The summit of Olympus Mons displays lava flows, some of which are truncated by the caldera, that appear to have flowed uphill. Because lava flows downhill, this mismatch between the flow direction and present-day topography suggests that the terrain has been tilted subsequent to the formation of the lava flows and collapse of the caldera.
Recent work by Mouginis-Mark and Wilson [published in Icarus] provides evidence for late-stage inflation of the summits of both Olympus Mons and Ascraeus Mons based on 351 individual lava flows and channels on Olympus Mons and 126 individual flows on Ascraeus Mons mapped on Context Camera (CTX; ~6 m/pixel) and High Resolution Imaging Science Experiment (HiRISE; ~0.25 m/pixel) images.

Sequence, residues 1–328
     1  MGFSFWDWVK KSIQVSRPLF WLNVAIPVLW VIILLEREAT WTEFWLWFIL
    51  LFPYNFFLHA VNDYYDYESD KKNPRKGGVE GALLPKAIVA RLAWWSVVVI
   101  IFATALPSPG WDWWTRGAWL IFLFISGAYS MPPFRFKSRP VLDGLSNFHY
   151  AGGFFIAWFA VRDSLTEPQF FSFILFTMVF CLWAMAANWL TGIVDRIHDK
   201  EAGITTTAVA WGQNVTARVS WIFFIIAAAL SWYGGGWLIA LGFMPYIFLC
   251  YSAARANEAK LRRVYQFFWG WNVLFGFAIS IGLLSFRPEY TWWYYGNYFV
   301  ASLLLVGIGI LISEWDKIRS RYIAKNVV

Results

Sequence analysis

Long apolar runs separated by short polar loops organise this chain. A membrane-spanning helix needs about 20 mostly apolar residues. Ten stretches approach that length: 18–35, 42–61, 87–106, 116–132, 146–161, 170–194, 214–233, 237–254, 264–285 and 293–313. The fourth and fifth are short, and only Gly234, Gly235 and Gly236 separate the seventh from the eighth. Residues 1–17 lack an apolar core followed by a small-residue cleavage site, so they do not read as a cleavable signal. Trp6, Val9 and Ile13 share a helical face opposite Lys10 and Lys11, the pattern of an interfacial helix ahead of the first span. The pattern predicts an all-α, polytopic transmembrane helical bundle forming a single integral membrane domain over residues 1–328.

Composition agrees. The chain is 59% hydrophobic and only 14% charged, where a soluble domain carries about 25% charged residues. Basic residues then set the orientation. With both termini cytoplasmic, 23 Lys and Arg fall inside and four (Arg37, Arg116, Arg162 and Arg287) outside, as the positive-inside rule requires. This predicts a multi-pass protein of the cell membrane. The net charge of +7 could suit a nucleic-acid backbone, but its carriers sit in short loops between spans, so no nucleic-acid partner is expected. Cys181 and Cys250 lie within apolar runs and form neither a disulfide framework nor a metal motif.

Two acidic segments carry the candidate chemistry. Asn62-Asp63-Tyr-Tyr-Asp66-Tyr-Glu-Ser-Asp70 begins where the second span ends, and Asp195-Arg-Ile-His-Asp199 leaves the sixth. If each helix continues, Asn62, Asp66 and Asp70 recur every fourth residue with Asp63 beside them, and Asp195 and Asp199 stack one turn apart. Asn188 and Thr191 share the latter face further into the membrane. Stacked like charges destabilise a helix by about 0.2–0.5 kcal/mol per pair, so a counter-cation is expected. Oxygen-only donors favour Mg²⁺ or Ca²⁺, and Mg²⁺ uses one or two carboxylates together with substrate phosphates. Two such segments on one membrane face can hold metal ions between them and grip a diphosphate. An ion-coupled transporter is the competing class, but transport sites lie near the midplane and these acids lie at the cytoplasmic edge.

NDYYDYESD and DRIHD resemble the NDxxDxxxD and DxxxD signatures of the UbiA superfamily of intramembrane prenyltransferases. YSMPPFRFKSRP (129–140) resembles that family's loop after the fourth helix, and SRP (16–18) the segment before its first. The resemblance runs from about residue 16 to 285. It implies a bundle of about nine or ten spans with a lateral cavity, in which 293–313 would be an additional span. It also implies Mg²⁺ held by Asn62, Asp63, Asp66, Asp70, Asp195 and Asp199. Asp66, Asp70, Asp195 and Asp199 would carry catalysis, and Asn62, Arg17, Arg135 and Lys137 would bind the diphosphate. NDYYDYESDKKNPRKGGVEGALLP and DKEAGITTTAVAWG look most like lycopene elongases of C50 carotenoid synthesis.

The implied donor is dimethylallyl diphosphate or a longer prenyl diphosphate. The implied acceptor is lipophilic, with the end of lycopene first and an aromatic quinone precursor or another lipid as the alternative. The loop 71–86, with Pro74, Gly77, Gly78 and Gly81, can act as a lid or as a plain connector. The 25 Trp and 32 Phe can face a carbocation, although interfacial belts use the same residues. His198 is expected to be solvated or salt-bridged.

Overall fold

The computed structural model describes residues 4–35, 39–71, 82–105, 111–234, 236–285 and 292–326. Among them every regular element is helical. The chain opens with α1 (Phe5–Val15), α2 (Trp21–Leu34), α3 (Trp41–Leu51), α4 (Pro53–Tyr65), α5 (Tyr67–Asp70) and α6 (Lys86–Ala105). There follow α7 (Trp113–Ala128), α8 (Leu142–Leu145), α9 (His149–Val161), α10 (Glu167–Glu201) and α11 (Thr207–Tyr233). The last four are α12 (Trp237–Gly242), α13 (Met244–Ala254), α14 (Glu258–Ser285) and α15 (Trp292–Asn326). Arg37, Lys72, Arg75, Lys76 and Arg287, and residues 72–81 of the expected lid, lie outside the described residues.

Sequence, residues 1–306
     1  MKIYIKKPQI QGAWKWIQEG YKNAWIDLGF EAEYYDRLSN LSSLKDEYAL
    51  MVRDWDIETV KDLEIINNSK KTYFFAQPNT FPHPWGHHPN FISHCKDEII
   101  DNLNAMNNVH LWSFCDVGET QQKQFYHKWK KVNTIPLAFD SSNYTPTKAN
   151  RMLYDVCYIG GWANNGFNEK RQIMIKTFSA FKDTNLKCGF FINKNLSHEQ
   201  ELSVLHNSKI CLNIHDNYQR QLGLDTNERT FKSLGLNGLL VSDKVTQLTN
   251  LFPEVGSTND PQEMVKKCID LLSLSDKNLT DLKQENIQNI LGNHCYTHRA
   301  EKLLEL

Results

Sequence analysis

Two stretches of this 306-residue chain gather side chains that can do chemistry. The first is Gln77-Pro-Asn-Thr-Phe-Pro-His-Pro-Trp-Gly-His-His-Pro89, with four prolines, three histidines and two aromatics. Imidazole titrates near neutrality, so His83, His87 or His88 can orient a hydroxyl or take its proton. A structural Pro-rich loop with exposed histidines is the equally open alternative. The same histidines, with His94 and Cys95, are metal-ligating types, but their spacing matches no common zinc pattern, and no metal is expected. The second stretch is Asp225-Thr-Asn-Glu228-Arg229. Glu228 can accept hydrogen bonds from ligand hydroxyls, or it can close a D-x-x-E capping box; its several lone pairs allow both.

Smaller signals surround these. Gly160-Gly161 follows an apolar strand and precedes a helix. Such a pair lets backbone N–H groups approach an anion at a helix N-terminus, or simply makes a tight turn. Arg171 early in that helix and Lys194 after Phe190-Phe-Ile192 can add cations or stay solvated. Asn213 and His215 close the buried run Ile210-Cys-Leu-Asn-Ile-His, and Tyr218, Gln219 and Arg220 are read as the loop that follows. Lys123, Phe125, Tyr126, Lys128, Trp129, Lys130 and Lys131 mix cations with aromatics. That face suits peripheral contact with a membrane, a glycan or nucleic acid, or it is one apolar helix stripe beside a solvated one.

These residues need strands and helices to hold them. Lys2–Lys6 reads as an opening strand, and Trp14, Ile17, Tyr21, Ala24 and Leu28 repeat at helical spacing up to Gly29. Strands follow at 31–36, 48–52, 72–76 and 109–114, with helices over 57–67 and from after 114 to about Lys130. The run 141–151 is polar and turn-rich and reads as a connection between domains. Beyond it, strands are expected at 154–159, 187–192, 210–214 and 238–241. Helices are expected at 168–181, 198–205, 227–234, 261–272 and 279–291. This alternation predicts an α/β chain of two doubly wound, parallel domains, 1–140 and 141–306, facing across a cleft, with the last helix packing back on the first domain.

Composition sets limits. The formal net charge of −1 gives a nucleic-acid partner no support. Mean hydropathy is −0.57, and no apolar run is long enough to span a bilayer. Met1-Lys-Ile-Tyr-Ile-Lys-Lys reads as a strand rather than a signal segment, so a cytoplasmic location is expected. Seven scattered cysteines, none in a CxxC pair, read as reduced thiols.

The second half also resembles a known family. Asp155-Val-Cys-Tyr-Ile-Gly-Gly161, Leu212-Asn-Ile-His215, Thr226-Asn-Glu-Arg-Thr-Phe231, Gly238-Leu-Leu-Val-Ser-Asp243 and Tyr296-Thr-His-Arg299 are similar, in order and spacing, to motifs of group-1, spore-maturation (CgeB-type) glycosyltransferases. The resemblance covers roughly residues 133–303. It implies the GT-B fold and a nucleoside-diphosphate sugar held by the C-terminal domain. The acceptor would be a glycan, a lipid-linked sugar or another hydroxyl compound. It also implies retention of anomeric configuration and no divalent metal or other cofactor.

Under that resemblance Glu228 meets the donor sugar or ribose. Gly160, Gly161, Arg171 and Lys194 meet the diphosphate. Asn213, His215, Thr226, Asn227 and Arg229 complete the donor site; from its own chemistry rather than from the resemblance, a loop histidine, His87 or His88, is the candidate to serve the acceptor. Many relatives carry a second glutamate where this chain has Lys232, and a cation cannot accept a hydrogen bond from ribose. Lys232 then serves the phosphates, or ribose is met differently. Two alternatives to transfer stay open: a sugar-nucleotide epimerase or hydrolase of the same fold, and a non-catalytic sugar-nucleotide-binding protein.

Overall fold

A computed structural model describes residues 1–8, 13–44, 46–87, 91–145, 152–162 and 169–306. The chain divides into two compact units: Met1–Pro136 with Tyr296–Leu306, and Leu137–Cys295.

Because the inflation took place post-caldera collapse, this puts the timeframe for inflation at <200 Myr based on crater counts, geologically recent for Mars, meaning that magma beneath Olympus Mons and Ascraeus Mons remained molten longer than previously estimated. [More at links]